I knew very little of the downtown scene, but Myrtle was with us and told us that was one of the bigger buildings in the city. It was leveled that night [but resurrected: --Ed.]

New York Times account of the Bastable Building fire, February, 1923


Next: Urban horses, coal stoves, and laundry without electricity.


  1. Historical note on those horses: The expressions about old fire horses responding to the bell are apparently quite true, though anecdotal. The horses at larger stations took shifts standing under the suspended harness while others were in a paddock out back, but they all got excited when they heard the bell because they were going to get to RUN LIKE CRAZY!!! Consequently, when a fire horse retired, it was best to find him a home out in the country where he wouldn't get stirred up by the sound of the alarm, but sometimes a merchant would buy one of the old fellas. This reportedly had unintentional but foreseeable consequences if the store's wagon happened to be quietly plodding down a street in the vicinity of the firehouse when the bells began to sound.

  2. No wise-guy quips this time, just wanted you to know that this is truly fascinating Dad.

    I don't know if it's a generation gap thing, or I just have lousy long-term memory, but Grandad's vivid recall of people and events from such a young age baffles me. I was often similarly astounded at Grandpa Kroeger's ability to recount such lucid stories from his youth. Little details like Mrs. Searles' long black dress, or a brother reaching tentatively for a fire-pole. These are things I just can't relate to.

    I'm sure the distractions available (even thirty years ago when I was roughly the same age as Grandad in this installment) had something to do with life's little nuances slipping out of my grasp. I can't help but think, however, that there's something else to it. Maybe life was just more..... REAL then, you know? More visceral.

    I'm a bit ashamed to admit that I remember episodes of Three's Company with more clarity than any particular day form my boyhood.

    Kinda sad really. I envy their gift. And am grateful they left these tales for us.

  3. I'm equally amazed not only by what your dad observed, but what he understood. It could be partly a guy thing, and partly that the water and heating system of the house was in a location he could see, but someone taught him how a house operates, and he remembered in detail. About the house i lived in till age 12, i could tell you nothing of the infrastructure. It kept me warm, heated my water and kept the fridge humming, and i just expected that to go on. I never once entered the ladder-accessed basement, where all that magic took place. To this day i want to knock on the door and ask the current owners if i could please just take a look in their basement!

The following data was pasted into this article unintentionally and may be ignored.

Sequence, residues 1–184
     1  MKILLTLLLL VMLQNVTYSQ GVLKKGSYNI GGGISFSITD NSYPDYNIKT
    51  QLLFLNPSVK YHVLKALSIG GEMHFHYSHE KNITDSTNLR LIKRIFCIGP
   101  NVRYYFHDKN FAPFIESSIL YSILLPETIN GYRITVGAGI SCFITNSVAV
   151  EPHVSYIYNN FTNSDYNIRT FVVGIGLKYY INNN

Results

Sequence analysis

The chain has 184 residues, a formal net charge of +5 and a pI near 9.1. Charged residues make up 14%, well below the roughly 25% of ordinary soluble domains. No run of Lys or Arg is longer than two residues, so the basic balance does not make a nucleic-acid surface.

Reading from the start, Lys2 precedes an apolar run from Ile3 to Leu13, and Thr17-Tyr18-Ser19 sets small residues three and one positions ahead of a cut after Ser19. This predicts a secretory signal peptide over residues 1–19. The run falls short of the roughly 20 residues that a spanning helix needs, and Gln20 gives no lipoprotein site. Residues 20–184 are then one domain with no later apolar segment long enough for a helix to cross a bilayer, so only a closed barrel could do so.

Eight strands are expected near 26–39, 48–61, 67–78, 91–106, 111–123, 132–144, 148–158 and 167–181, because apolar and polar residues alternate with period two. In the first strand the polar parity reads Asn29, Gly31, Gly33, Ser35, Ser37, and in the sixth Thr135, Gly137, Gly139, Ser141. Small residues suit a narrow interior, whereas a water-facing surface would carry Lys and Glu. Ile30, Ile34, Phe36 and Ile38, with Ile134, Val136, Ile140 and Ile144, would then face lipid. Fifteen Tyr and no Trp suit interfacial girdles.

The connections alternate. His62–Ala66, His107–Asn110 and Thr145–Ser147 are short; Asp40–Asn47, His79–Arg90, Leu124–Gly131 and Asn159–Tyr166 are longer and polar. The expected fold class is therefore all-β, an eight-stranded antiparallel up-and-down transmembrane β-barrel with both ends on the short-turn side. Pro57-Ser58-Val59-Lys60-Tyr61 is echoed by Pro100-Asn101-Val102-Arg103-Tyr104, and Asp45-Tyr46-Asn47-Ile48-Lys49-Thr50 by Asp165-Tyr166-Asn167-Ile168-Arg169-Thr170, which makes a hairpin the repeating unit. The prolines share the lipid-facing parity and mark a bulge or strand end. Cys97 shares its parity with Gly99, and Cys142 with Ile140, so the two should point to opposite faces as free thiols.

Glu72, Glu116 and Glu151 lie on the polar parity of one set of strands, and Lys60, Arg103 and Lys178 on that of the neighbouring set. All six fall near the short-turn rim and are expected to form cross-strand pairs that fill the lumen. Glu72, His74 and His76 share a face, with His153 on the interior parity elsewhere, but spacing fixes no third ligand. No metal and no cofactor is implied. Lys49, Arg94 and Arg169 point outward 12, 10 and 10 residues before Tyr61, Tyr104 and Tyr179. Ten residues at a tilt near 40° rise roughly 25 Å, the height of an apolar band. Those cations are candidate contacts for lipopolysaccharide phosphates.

And i crave a trip through that dry goods store.

  4. Adam and Ruth, I am less impressed and more doubtful about my Dad's clarity of recollection about things that happened when he was five years old or less. I sure don't remember more than one or two images from that part of my life, and certainly not anything as detailed as the recounts given here so far (and later on, not yet posted.)

    I also do not doubt the truth of what Dad "remembers" here.

    The house on Cannon street housed seven children during the 1920's: four girls, all older than the three boys. The boys were the girls' charges in many ways, and that shepherding and nurturing extended throughout whatever adult years they were afforded.

    The older girls told the younger boys stories. They told them about times when they were young. They instilled memories where none had been before, I'm sure. The chorus of Mary, Myrtle, Mildred, and Florence informed Lynn's memories in ways that you and I, Adam, have no parallel for. You have few memories that Doug didn't; I have no siblings at all. Dad's growing up as the seventh of eight (the first five, girls, and the last three, boys) is something that we can't imagine, really, but the passing around of experiences as shared memories is something we can, perhaps, accept.

    So, what I see in "Remembrances..." is a tale told by many siblings, not just one little boy.